A Few Bawdy Herrick Poems for Your Hump Day

Randomly thought of this little gem today– Robert Herrick’s “Upon Julia’s Clothes.”

I think the mustache says it all.

I think the mustache says it all.

Upon Julia’s Clothes

Whenas in silks my Julia goes,
Then, then (methinks) how sweetly flows
That liquefaction of her clothes.
Next, when I cast mine eyes, and see
That brave vibration each way free,
O how that glittering taketh me!

This poem has always seemed current to me, perhaps because of its brevity and aesthetic sensuality. The speaker stands transfixed by the dress’s “liquefaction” and “brave vibration,” the movement and flow of silks. Or, rather, he is held captive by what animates that cloth – the sexualized feminine body underneath.

This poem exhibits what we now call the “male gaze,” the implied subject position of male looker. I have always been interested in the complex power dynamics of this positioning, of the extent that the gaze represents male domination  (through its creation of the objectified female form) or the possibility of female agency (by perhaps purposefully drawing the gaze). Here, Julia comes across as a party to, perhaps even inviting, the watcher’s admiration. Is she aware of the effect her clothes/body have on the male watcher? Is she, like the fabric’s movement, “brave” and “free,” these signifiers of agency and sensuality? It’s hard to tell since we only see her through the speaker’s eyes, but I’ve always felt inclined to identify with her, to want to be her.

Herrick, a seventeenth-century gentleman and Cavalier poet (1591-1674), had a penchant for writing titillating poems focused on particular objects and pieces of women’s clothing, a point his poem “Delight in Disorder” further illustrates. Herrick’s “delight,” however, as in “Upon Julia’s Clothes,” relates to the female form beneath, and its implied sexual delight:

Delight in Disorder

A sweet disorder in the dress
Kindles in clothes a wantonness;
A lawn about the shoulders thrown
Into a fine distraction
An erring lace, which here and there
Enthrals the crimson stomacher;
A cuff neglectful, and thereby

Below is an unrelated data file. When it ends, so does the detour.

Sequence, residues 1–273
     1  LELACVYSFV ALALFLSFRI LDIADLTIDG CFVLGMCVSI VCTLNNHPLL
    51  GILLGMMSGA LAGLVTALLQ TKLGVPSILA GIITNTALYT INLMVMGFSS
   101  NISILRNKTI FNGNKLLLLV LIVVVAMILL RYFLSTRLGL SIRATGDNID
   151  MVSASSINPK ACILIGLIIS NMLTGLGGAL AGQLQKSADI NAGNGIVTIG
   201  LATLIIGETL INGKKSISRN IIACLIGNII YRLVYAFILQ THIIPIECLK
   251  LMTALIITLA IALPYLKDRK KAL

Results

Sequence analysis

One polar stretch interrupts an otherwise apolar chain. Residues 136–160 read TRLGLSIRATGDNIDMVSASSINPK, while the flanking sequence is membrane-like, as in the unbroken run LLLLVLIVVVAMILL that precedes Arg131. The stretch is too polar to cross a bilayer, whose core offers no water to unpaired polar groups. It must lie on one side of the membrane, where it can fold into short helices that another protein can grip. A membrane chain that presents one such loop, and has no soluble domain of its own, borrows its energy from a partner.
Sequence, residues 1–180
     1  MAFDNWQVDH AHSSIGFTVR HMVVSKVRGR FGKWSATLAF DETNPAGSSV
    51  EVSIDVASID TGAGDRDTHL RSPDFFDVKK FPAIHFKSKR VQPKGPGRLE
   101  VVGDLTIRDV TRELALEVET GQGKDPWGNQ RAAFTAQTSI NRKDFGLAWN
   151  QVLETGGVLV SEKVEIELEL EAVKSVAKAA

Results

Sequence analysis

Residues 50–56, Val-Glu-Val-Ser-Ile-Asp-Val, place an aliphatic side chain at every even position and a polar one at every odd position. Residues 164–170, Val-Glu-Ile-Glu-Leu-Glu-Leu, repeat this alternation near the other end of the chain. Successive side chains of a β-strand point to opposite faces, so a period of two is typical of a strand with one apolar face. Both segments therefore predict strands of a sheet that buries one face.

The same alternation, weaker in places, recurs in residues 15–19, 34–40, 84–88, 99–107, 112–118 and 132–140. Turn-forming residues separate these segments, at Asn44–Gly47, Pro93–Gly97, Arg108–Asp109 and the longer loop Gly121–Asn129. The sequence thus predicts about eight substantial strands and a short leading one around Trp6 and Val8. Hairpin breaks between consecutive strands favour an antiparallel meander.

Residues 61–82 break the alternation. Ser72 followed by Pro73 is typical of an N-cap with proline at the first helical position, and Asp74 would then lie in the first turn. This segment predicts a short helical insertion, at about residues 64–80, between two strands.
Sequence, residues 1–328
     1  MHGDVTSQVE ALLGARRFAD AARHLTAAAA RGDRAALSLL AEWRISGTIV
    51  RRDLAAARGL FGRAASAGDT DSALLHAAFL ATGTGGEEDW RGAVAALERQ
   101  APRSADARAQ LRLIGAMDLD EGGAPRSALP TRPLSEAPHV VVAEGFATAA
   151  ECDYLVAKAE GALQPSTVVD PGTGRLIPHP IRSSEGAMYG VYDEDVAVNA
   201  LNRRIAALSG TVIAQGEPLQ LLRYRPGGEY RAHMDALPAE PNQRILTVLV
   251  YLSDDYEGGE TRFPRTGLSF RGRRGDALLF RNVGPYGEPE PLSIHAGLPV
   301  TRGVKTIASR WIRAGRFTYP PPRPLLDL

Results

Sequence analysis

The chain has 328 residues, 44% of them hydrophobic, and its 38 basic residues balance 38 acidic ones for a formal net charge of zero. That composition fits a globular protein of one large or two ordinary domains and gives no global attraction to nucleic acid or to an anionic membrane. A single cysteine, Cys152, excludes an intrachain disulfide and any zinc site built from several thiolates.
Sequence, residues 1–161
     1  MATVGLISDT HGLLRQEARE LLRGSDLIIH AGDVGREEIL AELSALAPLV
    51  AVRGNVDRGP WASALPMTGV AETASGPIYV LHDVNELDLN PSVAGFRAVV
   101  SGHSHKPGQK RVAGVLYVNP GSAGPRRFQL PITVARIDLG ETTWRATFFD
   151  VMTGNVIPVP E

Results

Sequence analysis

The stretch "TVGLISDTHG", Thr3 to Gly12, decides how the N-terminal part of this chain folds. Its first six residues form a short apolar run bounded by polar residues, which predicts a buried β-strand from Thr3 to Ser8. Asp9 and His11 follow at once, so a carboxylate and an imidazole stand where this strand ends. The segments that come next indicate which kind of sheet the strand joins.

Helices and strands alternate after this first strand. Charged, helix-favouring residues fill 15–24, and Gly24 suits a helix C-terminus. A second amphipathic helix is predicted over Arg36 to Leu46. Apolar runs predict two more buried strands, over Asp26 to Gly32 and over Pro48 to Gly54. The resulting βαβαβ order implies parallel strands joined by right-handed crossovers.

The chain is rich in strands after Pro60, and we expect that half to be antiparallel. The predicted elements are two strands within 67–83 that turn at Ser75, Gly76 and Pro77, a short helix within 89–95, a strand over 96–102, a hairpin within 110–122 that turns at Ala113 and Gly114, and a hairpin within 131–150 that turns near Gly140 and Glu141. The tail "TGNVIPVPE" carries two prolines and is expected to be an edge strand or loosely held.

Ribands to flow confusedly;
A winning wave, deserving note,
In the tempestuous petticoat;
A careless shoe-string, in whose tie
I see a wild civility:
Do more bewitch me, than when art
Is too precise in every part.

This seems like a seventeenth-century “Hey, girl” poem, if there ever was one. I can just hear the guy saying, “Hey girl, don’t put on that fancy dress. You’re more beautiful in your pajama pants and a tank top.” Why? Because this second outfit is one step closer to naked. That’s right, this poem acts as an intricate pickup line. Although the speaker denounces too much “art” (the pains of trying to put together a becoming and alluring outfit), his preference for “disorder” does not suggest natural dress, per se, but that which hints at the possibility of undress and behavioral unrestraint.

Finally, lest we forget that Herrick and our ancestors had their minds thoroughly in the gutter, I leave you with “The Vine,” which for obvious reasons brings to mind SNL’s skit “Dick in a Box.” Enjoy!

The Vine

I dreamed this mortal part of mine
Was metamorphosed to a vine,
Which crawling one and every way
Enthralled my dainty Lucia.
Methought her long small legs and thighs
I with my tendrils did surprise;
Her belly, buttocks, and her waist
By my soft nervelets were embraced.
About her head I writhing hung,
And with rich clusters (hid among
The leaves) her temples I behung,
So that my Lucia seemed to me
Young Bacchus ravished by his tree.
My curls about her neck did crawl,
And arms and hands they did enthrall,
So that she could not freely stir
(All parts there made one prisoner).
But when I crept with leaves to hide
Those parts which maids keep unespied,
Such fleeting pleasures there I took
That with the fancy I awoke;
And found (ah me!) this flesh of mine
More like a stock than like a vine.

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